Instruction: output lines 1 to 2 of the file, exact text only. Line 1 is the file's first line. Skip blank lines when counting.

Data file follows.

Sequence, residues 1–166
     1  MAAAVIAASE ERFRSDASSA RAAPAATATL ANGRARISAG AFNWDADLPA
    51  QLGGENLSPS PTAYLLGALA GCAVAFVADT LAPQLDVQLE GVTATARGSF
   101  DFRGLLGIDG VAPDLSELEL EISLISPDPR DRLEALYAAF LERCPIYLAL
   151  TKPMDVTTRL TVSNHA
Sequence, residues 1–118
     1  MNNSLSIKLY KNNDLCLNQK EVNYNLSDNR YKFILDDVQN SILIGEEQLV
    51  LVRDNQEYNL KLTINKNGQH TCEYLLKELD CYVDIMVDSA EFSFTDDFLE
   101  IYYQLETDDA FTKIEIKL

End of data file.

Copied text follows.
Sequence, residues 1–166
     1  MAAAVIAASE ERFRSDASSA RAAPAATATL ANGRARISAG AFNWDADLPA